WARNING: those of you interested in Japanese studies but not in internet technologies, new media, and the whole question of how digital learning does or doesn’t effect academia should go no further. Here there be dragons.
I had the chance to attend a very unusual conference this past week. Well, “attend” is perhaps not the best word. This particular conference was held in Second Life, an unusual and large online community–technically a virtual world–in which you manipulate an “avatar” (kind of like a personalized character) to navigate an incredibly diverse landscape of “sims” (simulations, which translate into islands). People build buildings, art, natural environments, they buy and design and rent out sims, they sell virtual products and services, they collaborate or compete in games or educational endeavors, they socialize at dances and raves, and they do everything else that you can (or possibly can’t) imagine. I had never entered Second Life until the head of academic technology at my college informed me that we had some complementary tickets to a virtual conference on new media in the academy. I was skeptical about the whole Second Life thing but thought it might be interesting.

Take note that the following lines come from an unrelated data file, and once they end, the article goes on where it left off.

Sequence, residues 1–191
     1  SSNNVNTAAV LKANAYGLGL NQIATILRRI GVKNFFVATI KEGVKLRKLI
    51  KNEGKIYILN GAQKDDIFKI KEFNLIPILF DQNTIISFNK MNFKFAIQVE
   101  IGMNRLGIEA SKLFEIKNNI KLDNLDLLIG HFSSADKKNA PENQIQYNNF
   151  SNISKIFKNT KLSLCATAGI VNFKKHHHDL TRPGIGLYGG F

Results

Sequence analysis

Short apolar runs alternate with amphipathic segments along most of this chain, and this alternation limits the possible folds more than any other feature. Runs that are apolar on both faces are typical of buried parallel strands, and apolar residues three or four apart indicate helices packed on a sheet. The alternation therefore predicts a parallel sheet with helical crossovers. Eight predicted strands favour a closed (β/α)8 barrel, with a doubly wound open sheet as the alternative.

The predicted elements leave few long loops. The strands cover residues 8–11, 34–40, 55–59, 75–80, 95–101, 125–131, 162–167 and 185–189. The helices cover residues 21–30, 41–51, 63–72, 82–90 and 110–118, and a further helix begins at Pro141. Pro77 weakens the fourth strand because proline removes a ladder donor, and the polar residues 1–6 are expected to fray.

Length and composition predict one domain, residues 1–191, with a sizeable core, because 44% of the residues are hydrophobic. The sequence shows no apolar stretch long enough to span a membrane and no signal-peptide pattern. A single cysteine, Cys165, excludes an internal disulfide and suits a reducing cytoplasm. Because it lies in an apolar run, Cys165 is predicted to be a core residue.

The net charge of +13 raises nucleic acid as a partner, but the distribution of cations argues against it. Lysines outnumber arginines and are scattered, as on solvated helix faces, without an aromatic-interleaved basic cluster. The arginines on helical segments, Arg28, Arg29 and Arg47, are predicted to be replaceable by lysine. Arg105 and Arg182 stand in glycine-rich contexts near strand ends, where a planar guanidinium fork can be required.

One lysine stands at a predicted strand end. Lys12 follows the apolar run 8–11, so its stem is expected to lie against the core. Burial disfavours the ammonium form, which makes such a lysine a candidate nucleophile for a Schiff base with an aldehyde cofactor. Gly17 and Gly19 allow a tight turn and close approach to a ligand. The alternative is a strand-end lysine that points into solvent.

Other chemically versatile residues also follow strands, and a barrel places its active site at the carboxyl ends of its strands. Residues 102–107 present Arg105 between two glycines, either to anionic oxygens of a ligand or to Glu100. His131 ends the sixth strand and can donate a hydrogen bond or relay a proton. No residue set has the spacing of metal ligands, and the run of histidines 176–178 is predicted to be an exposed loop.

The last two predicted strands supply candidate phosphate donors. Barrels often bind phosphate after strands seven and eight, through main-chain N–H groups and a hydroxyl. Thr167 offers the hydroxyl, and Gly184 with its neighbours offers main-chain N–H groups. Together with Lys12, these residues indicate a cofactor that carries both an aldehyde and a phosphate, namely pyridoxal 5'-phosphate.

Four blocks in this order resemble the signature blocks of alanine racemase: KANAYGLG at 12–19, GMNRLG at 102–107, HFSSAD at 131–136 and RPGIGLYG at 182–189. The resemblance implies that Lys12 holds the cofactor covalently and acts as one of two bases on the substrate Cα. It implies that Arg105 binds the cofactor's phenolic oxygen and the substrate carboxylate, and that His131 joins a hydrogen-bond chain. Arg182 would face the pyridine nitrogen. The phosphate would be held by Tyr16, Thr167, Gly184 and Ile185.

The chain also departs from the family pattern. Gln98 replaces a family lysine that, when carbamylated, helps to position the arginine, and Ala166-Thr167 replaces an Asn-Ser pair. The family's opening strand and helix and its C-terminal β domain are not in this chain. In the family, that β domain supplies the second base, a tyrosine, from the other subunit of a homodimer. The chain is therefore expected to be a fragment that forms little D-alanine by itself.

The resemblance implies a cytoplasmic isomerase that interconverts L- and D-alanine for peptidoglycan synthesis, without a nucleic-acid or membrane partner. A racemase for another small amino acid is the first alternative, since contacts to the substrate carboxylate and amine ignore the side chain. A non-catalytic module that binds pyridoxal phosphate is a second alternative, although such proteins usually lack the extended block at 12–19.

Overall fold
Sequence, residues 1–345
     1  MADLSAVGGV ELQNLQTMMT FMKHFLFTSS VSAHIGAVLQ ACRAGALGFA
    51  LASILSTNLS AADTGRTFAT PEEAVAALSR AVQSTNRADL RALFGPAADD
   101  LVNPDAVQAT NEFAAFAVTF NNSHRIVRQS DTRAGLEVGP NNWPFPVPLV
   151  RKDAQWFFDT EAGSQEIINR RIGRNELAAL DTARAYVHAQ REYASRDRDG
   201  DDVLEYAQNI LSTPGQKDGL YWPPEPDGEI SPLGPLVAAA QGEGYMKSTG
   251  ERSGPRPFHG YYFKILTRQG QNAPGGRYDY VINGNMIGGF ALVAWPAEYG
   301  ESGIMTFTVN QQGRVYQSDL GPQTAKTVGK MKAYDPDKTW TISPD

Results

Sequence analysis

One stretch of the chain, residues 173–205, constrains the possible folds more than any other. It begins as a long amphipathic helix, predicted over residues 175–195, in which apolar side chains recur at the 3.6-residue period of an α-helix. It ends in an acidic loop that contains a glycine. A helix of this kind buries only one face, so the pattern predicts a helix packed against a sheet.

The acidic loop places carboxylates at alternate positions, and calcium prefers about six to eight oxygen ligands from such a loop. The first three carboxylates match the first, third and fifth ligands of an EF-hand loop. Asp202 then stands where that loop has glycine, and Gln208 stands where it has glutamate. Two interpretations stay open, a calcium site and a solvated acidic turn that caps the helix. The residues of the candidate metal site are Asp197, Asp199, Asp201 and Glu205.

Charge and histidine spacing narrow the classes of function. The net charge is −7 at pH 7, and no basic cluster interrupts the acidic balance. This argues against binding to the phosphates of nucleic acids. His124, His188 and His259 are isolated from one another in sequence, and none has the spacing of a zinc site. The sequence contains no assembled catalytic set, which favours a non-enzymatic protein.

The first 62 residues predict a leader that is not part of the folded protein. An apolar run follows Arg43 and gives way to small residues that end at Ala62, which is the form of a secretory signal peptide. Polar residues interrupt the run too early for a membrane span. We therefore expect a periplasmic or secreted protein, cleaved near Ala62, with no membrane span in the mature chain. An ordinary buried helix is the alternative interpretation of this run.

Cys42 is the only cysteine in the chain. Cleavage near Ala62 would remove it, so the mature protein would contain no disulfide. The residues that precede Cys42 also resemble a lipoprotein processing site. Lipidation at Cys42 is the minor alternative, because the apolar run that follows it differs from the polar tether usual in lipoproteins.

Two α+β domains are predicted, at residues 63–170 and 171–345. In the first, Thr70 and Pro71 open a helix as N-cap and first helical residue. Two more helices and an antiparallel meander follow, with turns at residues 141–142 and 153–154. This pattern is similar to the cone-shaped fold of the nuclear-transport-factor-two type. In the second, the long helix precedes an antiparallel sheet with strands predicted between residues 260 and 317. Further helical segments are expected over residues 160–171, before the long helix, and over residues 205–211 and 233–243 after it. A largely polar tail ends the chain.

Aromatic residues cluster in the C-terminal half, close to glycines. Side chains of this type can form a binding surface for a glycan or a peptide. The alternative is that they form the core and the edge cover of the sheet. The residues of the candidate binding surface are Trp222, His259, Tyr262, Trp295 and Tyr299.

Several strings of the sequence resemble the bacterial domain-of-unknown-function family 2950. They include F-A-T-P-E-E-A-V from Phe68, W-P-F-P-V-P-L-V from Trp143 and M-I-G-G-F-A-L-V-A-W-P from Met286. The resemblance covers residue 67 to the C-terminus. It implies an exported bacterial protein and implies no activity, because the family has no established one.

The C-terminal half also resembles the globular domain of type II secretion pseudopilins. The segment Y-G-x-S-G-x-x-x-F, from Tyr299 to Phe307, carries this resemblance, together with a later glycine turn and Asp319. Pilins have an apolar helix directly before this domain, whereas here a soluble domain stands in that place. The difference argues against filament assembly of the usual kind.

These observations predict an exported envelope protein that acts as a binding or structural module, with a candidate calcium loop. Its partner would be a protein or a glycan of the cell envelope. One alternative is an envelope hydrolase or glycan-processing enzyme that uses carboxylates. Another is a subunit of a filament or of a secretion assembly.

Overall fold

The conference schedule is now available online at the website of the New Media Consortium, the host organization and owner of the sim in which the conference took place. The program now includes links to “videos” of the presentations in Second Life, which look a bit like small movies of someone playing a really boring video game. If you listen to the presentations, though, the presenters turn out to be real teachers and academic technologists talking about a range of new media tools, including familiar ones like blogs and Facebook but also a slew of new technologies, and how they can be applied in the classroom. I was most impressed by the ways in which the conference was interactive. It is hard to get a sense of this from the video, but when your avatar was actually sitting there in the amphitheater listening to the presentations (which were made by people wearing headsets and presumably sitting at their own computers in various offices around the world), you could participate in an open, text-only chat (some of the sessions listed on the program include chat transcripts) that ran concurrently with the presentation. I didn’t have a mic and headset, like many other participants, so if I wanted to ask a question I just typed it into the chat window and someone not in the middle of presenting might answer it immediately, or, alternatively, one of the presenters would eventually get around to answering it. This was a form of multitasking that I had not previously experienced but that, surprisingly, really worked. I’m sure those of you who play linked online video games have experienced this mixture of virtual action and global conversation. You’re watching the screen (which frequently included multimedia presentations in the strange box above the presenters’ heads), listening to the spoken presentation, and also participating in a text-only chat discussion all at the same time. And at certain moments it was very informative and interesting.